Bill Blair, Member of Parliament, Scarborough Southwest
Articles Blog

Bill Blair, Member of Parliament, Scarborough Southwest

November 21, 2019

With your successful career in the
police force and working as an undercover officer in Toronto’s drug
squad, I imagine you’ve seen most of the implications the legal trade of
marijuana and other drugs had on the City of Toronto and its citizens. Over
the past few months there have been many illegal marijuana dispensaries opening
and getting shut down across the city, how are these illegal dispensaries able
to open up in plain sight of the public in the first place and what do you
believe is the perfect solution for dispensaries in the future when
marijuana is legalized? That is a really complicated question, but I’ll do
my best. First of all I want it really clear, marijuana clearly
has, since 1922 been a prohibited substance in this country. It was against
the law, I’ve been in the law enforcement business, but more importantly and I
want to begin by clarifying this, more importantly I’ve been in the public
safety business. It was my job to protect kids, keep neighbourhoods safe, maintain
order in communities, and to a large extent that involves reducing harm and
and frankly I’m going to talk a lot about harm reduction
approaches and public public health approaches because that’s what we’re
trying to undertake now. In all the years that I’ve been a police officer in
Toronto and the police chief, I never once had a young person die of a
marijuana overdose, but where I saw an enormous amount of harm was in some
of our communities where I went to far too many violent shooting
occurrences where young people had been shot to death in disputes over the
territory and the turf under which marijuana was being trafficked. And
so the harms associated to that drug had much to do with the way in which the
drug was was being produced, distributed and consumed and less in– there are risks in that drug and I’ll talk about some of those I’m sure in response
to some of your questions– but there was a lot of social harms related to
its production, distribution and consumption. Now when our government came in and the prime minister said, “if we’re elected we’re going to legalize, regulate and restrict the access to this drug”
and we articulated very clearly why we were doing it. We wanted to keep it out of
the hands of kids and we’ll talk about that more I’m sure because for young
people there’s real health and social risks to the use of this drug. We also
want to take the business away from organized crime because quite frankly
they don’t do an awful lot of good with that money and good can be done with it,
and we wanted to make sure that we protect the health of Canadians by
having a well-regulated, safe and inspected supply and regulations on
how and to whom it would be sold to keep it out of the hands of people who are
vulnerable and shouldn’t have it and also have some rules around its
consumption so that we could have healthier and socially responsible use. So
the legalization and the regulations, those are two very important concepts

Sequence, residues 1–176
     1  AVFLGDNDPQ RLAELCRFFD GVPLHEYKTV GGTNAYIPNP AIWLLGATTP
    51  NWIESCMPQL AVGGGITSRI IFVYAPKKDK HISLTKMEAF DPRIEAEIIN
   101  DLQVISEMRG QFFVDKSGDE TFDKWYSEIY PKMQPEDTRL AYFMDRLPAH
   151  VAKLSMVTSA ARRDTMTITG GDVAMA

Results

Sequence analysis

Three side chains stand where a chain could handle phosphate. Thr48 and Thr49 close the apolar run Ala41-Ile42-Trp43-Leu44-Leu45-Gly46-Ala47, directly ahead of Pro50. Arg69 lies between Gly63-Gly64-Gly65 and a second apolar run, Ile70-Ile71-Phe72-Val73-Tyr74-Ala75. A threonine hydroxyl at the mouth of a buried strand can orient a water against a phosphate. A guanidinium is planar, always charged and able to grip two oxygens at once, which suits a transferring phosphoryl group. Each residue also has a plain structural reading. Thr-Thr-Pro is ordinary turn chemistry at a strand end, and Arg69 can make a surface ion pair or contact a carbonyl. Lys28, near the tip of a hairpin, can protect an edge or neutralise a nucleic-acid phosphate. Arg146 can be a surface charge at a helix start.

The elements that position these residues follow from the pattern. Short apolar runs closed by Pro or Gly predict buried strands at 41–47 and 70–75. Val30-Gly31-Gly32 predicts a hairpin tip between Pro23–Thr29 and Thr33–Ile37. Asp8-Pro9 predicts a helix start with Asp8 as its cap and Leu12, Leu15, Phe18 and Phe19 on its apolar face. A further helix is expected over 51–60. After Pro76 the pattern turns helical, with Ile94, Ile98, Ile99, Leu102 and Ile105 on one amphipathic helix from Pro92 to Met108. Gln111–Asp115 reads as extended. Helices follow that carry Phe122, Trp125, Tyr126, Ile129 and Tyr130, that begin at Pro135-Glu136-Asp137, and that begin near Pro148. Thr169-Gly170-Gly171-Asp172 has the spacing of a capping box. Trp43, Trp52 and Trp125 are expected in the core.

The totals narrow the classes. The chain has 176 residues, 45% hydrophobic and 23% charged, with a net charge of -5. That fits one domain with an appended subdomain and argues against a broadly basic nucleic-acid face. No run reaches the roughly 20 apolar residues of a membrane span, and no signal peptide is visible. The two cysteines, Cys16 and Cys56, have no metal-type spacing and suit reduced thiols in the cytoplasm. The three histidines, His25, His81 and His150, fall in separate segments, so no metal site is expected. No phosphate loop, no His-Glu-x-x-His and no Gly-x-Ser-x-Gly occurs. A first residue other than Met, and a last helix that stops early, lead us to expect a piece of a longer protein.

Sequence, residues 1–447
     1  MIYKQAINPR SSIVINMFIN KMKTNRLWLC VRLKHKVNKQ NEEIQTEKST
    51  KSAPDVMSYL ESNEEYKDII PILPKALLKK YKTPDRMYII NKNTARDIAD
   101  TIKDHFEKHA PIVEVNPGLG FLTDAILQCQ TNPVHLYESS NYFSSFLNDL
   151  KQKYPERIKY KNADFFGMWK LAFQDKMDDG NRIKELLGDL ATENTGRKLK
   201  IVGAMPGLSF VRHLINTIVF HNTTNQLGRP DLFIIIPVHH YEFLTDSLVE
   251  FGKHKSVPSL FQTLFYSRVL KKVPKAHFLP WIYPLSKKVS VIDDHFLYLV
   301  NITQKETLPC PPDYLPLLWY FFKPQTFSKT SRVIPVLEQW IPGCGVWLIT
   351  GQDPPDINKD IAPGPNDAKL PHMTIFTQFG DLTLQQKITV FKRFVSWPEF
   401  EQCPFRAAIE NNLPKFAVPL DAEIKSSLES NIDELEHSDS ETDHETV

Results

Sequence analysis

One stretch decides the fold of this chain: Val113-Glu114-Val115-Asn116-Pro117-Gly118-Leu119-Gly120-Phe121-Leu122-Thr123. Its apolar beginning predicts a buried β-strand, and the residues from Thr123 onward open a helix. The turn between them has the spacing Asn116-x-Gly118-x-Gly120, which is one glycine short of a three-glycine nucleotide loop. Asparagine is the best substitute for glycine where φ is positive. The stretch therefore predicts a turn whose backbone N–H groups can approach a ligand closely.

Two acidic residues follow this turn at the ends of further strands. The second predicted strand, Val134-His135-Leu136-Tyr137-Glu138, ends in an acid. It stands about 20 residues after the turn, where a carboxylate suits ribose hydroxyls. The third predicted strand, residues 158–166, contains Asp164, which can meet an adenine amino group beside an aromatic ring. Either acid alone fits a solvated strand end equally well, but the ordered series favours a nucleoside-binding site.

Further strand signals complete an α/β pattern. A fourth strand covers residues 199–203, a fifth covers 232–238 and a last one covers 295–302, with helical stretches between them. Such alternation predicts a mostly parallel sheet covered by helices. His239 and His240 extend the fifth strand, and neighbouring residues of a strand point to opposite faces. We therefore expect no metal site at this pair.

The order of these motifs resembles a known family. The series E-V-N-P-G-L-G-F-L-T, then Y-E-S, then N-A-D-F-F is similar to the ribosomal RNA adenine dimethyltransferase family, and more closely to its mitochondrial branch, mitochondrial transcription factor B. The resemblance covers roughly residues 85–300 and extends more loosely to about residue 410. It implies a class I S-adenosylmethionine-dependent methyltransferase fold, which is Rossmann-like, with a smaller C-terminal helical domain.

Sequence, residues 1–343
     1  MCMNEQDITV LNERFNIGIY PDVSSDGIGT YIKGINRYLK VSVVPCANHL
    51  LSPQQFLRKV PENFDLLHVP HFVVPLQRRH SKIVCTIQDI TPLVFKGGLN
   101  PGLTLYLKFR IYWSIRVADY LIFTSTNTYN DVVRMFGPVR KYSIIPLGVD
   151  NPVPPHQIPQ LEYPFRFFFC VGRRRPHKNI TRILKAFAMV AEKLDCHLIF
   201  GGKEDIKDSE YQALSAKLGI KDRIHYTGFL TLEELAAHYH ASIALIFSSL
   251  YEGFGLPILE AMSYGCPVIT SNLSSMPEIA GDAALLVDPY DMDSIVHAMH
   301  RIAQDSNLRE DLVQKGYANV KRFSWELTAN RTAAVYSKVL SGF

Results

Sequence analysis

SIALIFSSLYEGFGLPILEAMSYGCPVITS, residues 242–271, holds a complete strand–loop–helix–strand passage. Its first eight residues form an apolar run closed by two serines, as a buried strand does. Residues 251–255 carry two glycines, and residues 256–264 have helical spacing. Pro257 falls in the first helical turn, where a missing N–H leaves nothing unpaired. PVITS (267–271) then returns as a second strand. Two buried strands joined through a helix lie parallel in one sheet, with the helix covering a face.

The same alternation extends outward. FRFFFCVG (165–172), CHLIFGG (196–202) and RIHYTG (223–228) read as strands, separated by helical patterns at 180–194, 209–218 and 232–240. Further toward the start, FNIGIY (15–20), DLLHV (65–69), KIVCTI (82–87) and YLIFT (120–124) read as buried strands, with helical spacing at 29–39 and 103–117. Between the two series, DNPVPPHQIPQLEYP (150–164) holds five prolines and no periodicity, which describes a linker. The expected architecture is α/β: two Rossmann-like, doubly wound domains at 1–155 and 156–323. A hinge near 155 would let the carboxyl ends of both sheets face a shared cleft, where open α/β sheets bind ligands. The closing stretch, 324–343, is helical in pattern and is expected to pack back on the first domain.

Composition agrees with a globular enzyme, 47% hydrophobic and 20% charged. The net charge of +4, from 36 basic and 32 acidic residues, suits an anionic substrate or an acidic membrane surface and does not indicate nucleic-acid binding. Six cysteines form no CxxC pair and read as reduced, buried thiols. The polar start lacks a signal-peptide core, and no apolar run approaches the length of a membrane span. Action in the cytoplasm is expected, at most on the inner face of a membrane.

that go together, frankly if all we were going to do is
legalize it, Ralph would be absolutely right, it would be a colossal blunder and we’d make a mess of this thing. So what we’re talking about is having a different
system of control, a smarter system of control, to reduce those social and
health harms. Now inevitably when you make a promise like that a lot of people
think it’s something that can be done like that. As I have discovered it’s enormously complex work to put the regulatory frameworks in place for
production, distribution and consumption. It takes time but not surprisingly there
are entrepreneurs who saw an opportunity to make money, a lot of money by the way,
and jumped into that market and so you asked why wouldn’t the police just go
and lock them all up, they’re clearly breaking the law? But the police have
limited resources and they try to respond to what people legitimately are
concerned about in their community and quite frankly the people of Toronto I’ll
tell you have greater concerns in many cases than the activities of the
dispensaries. Now they are concerned about the dispensaries and they’re
concerned about you know the unregulated sale of this drug and the unregulated
production of this drug, and so it is something the police have to deal with.
But in all the things that they have to deal with on a priority basis, it’s not
the highest priority. And therefore, the ones that were perhaps most blatant and
reckless in the way in which they were doing business got the attention of the
police and some of the others have not got that type of attention. As
chief of police you were never on record for supporting legalization of cannabis
and that you have considerable influence
in directing policy, do you feel that you have a conflict of interest with liberal
insiders who stand to gain significant financial benefit from the policies?
Excellent question, and I’m delighted for the opportunity–it is, it is, it’s a
comprehensive question. The information that you provided is interesting and
only partially accurate and therefore misleading. It’s kind of like what people used to say to me